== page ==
Wednesday, May 6, 2009
On the Road with Joan Baez, pt. 1
Around 2 AM on the morning, of March 7, Joan Baez’s tour bus oozed out of the muck in the parking lot of the Barangus bar, where I, along with the rest of the Joan Baez band (including Joan herself) had been listening and dancing (or more like wriggling, given the lack of space in the crowded roadhouse) to the All-American Hell Drivers, a loose aggregation of hippie country rockers whose repertoire included Hank Williams classics, New Orleans boogie blues, and even a Michael Jackson hit (a countrified “Billie Jean”). Joan had joined the band on a rockin’ “Long Black Veil” and JB band multi-instrumentalist Dirk Powell had spent most of the evening at the piano.
Thus ended my first night playing guitar and mandolin and singing harmony with Joan Baez, filling in for guitarist John Doyle while he goes off to play a few Irish festivals that he’d booked before getting hired by Joan as musical director/guitarist last summer. The evening had started at the State Theatre in Ithaca, New York, where Joan’s first appearance onstage had elicited the first of many loud, enthusiastic, and adoring ovations from the crowd of 1,600 or so. Though it was the first time I’d played through the entire two-hour set with Joan and her band, it went better than I could ever have expected. Yes, I’d fumbled a few lyrics, missed a couple chords, and gotten a few tempos wrong, but all in all it was a great gig, and by the time we’d finished our funky encore of “The Night They Drove Old Dixie Down” I was grinning from ear to ear.
I’d approached these gigs with mild trepidation. Even though I knew I wouldn’t have any trouble locking in with the rest of the band (Dirk on mandolin, banjo, fiddle, and piano and Todd Phillips on acoustic bass, both of whom I’d recorded and gigged with numerous times) I’d been a Joan Baez fan since high school and I didn’t want to let her down. I knew that John Doyle’s shoes would be tough ones to fill—his guitar can be a whole band by itself and his rhythm is as varied and exciting as any guitarist in any genre. I’d also have minimal rehearsal time, so I assiduously studied the gig tape John had sent me, realizing at the same time that the band’s arrangements and feel on that early-November gig may very well have changed by the early-March gigs I’d been hired for.
I arrived a couple days early, so we could rehearse on the band’s day off and I could observe one show with John in action. At the first rehearsal, which Joan shyly wandered into about halfway through, I discovered that some of my fears were well-founded. John led the rehearsal, though of course he wouldn’t be at the gigs I played, and his guitar was definitely the rhythmic heart of the band. In addition, some tempos had indeed changed and details that had seemed potentially spontaneous on the tape turned out to be essential parts of the arrangements. But everyone made me feel at ease and I knew I’d have another day to regroup and work things out. Joan was particularly gracious. After one song, where I’d kind of weakly warbled the harmony line and stumbled over a few chords, she suggested that since I had so much to learn, I didn’t necessarily need to sing on every song, but after another, she said, “You seem more comfortable with that one.” (The next morning, while she had breakfast on the bus, she told me that she’d liked what she heard and asked if there was anything she could do to help me.) The thing that ended up helping the most, actually, was sitting in the audience and listening to John play a show with the band. After all that study, I knew the songs pretty well, but watching the show, I found myself thinking “OK, I need to be more aggressive on that intro,” etc.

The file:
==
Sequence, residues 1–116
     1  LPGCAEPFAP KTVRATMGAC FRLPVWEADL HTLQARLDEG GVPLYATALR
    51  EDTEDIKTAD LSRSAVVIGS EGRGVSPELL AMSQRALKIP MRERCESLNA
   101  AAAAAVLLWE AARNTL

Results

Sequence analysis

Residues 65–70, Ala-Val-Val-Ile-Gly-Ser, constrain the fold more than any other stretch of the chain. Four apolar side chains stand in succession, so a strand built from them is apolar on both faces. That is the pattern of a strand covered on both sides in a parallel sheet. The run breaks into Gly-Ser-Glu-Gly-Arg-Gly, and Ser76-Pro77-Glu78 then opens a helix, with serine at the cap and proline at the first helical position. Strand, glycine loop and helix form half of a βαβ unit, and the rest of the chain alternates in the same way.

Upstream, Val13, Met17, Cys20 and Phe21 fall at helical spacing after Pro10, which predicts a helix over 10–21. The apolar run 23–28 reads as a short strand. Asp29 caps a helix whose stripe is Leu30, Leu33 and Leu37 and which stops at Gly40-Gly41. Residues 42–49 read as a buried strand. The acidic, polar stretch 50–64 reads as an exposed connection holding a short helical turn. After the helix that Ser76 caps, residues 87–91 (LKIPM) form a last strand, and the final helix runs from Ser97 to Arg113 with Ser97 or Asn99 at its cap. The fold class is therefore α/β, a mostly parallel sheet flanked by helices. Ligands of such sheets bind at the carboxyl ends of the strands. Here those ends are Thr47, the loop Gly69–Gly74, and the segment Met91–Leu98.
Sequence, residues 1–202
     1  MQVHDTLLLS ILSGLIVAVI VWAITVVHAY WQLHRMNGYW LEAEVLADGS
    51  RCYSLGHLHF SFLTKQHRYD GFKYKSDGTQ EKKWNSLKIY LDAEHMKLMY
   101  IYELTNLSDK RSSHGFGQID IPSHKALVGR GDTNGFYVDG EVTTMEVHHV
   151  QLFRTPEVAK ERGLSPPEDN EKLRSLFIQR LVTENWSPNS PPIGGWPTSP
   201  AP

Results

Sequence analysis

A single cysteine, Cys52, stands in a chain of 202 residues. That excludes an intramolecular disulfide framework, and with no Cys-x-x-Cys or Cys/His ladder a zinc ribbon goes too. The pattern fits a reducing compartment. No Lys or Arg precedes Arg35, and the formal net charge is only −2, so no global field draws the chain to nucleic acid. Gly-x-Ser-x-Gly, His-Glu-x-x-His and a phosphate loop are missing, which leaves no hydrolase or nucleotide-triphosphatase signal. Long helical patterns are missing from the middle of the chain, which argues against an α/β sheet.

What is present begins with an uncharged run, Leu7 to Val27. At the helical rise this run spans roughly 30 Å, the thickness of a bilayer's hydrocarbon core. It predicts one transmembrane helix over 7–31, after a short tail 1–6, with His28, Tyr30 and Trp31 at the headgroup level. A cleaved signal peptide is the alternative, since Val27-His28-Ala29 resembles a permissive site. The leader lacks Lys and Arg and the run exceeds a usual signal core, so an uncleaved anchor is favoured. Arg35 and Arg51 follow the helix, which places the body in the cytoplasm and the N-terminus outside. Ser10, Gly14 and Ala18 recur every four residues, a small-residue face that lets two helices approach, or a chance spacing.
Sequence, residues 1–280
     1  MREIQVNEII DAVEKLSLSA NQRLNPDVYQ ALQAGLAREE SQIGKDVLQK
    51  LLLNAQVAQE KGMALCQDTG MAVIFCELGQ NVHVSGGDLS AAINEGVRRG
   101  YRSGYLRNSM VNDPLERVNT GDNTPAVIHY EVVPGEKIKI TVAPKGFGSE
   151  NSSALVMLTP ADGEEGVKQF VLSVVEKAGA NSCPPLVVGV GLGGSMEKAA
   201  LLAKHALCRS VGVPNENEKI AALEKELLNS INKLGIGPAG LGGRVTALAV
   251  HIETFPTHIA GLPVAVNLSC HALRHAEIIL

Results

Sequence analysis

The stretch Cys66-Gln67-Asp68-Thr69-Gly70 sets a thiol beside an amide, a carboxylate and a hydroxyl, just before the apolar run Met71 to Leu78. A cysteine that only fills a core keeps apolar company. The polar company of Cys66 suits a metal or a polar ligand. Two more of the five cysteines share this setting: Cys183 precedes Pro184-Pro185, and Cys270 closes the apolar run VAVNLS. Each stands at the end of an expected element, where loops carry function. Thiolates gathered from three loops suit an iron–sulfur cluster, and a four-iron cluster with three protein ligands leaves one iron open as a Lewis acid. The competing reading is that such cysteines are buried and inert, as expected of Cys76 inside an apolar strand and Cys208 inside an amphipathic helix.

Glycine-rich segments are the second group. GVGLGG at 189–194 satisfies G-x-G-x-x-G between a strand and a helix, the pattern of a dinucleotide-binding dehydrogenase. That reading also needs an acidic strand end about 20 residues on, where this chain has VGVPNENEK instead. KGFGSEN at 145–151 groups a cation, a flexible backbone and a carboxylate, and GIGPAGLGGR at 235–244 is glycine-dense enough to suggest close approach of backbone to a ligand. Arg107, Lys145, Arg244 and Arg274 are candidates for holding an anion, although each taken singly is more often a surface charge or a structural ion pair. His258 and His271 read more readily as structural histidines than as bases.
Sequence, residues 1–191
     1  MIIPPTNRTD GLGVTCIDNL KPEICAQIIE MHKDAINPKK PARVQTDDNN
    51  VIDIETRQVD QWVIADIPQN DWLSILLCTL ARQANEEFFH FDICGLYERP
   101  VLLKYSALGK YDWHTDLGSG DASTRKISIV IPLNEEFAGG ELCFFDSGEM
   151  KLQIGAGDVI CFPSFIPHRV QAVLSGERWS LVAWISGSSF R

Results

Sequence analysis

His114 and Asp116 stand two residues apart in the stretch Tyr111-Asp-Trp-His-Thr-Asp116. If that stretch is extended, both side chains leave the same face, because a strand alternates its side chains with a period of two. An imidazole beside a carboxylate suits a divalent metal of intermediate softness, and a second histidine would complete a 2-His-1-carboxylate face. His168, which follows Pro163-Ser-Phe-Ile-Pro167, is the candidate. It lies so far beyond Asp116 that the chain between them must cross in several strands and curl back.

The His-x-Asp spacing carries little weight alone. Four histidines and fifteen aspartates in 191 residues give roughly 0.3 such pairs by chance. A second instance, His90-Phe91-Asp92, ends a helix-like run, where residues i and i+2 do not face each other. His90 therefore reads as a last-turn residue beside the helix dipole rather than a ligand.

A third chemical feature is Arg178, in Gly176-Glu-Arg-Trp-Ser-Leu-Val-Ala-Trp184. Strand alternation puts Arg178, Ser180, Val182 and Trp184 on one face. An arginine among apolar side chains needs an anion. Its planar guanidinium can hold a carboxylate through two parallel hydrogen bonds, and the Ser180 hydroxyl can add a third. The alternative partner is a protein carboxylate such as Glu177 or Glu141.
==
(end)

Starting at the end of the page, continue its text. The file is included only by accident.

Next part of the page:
After the next day’s soundcheck, at which Jason Raboin, the band’s soundman outfitted my mandolin with one of the new DPA clip-on mics and pronounced my amplified guitar sound as “pretty good,” and at which Joan seemed happy and confident, I felt good and ready for the first show. At dinner, Stephanie Hudacek, Joan’s assistant, asked if I felt “nervous? excited?” and I said, “Yeah, that pretty much sums it up.”
--to be continued
photo (c) Anne Hamersky